If I don’t take the time to process events and interactions I have had, I begin to lose the importance of the time I took to participate in such encounters. Capturing snapshots in my mind of times I hope to carry in my mind’s memory bank are best done when I take the time to reflect.
Last night, I attended a party at a neighbor’s home. Jim was working, so I went alone to the party. I only knew the hostess and her husband and one other couple, but I had the opportunity to engage in wonderful conversation with new acquaintances. It is good to meet new people and to have the opportunity to mingle with others and hear their stories about life.
As I left the party and stepped outside the door, I was struck by the beauty of the world around me. Honestly, I felt as if I were either entering into a fantasy Christmas card photo, or life size snow globe.
Tiny glitter size snow flakes filled the air and covered the ground. Colored lights wound over the stair railing lit my way as I made my way down the path towards my car. I took a moment to take in the silent beauty of that corner of my neighborhood: tall ponderosa pines stood sentinel like along the perimeters of our little village where I live, soft flickering light from candles in windows of nearby houses spoke of warmth and comfort that could be found within the walls of those homes, and icicles made of lights that hung from the eaves of the home across the road seemed to have been perfectly placed to create a quintessential Christmas village scene. Such beauty. Such peace. I drank it all in as I walked to my car to head home.
Those moments of quiet when one sees perfect Christmas card like scenes are best captured in the mind. Perhaps, in our setting up of the trappings of Christmas, we hope to create those perfect settings for ourselves and our families and friends, but let’s face it, life, even at Christmas, is not perfect, nor are we, nor are our families, nor are our friends, yet, we do hope for peace and good will at Christmas, and we also hope for a bit jolly good fun too.
My daughter Keicha and granddaughter Gillian made a special Christmastime visit to Colorado on December 20th. I met the girls at the Molly Brown House in Denver. This visit fulfilled a long-held desire we have had to visit this museum.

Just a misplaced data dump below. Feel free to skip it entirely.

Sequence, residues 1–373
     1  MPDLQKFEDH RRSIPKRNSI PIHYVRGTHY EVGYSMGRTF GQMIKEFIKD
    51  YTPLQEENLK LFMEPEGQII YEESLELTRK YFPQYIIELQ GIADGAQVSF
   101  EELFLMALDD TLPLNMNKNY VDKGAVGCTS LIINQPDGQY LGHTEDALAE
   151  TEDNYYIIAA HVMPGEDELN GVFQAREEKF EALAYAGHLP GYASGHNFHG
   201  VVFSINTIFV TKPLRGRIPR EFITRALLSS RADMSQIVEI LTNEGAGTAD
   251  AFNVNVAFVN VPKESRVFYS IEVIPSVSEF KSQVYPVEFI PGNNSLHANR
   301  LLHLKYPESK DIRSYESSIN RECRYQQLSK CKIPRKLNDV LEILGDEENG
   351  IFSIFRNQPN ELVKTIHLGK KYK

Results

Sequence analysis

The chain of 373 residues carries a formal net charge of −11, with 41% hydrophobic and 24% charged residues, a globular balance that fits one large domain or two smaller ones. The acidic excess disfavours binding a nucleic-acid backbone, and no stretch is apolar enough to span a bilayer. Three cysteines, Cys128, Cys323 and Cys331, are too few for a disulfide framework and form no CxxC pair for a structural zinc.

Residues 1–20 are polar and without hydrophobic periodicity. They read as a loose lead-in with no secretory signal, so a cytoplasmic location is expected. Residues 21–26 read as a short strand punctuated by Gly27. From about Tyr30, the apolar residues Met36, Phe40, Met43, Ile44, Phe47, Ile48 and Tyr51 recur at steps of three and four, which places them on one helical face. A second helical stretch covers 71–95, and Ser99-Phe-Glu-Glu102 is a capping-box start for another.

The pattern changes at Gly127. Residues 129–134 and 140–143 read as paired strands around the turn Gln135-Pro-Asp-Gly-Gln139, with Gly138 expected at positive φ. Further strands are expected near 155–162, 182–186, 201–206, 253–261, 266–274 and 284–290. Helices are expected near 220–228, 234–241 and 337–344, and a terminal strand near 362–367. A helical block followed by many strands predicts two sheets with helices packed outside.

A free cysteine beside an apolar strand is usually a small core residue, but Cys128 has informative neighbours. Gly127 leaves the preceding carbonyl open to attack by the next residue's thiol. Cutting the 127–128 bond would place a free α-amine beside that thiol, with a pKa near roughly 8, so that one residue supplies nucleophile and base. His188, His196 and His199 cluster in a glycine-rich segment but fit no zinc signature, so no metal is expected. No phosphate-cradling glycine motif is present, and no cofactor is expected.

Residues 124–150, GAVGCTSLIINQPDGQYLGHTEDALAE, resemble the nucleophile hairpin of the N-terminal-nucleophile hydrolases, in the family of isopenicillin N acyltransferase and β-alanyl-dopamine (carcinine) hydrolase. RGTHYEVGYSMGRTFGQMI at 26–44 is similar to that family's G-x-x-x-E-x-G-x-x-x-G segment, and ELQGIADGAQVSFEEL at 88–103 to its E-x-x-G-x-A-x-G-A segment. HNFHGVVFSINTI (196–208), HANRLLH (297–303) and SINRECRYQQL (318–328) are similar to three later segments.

As a young girl, I lived in Leadville, Colorado, during the time that the movie The Unsinkable Molly Brown hit the box office. My roots run deep in the same place where Molly and J.J. Brown made their fortune. While I often have roamed the hills around the Little Johnny Mine in Leadville, and while I have read much about Molly Brown, somehow I had never visited her home in Denver. This visit was a Christmas gift to my daughter, granddaughter and myself.
From there, the three of us made our way over The Brown Palace for lunch. We had hoped to have tea there, but reservations for tea this time of year must be made nearly a year in advance. Maybe next year we will make the tea. The Brown is one of my favorite places in Colorado, so I was excited to have lunch there with my girls. Daughter Amy worked across the street from the hotel and ran over for a quick visit while we had lunch. We made a short self-guided tour of the hotel after lunch.
I’d never seen the chandelier in the lobby done up for Christmas before. It truly took my breath away when I saw it. All I could do was stare and say, “Wow.”
Gillian helped me with a few tips on using the iPhone to capture a photo of the chandelier so that I might attempt to give the grandeur of it all a bit of justice. I love all the details found in the architecture throughout the building of this grand old hotel.
The next day, Keicha, Gillian, and I took a wreath to the cemetery to place on Julie’s grave. There was a recently placed poinsettia on the gravesite. It appeared to have been placed around Thanksgiving. I am always so grateful when I see that others have not forgotten my dear daughter and placed flowers on her grave. I always wonder who it was that visited. My father’s resting place in the row above where Julie’s grave is located.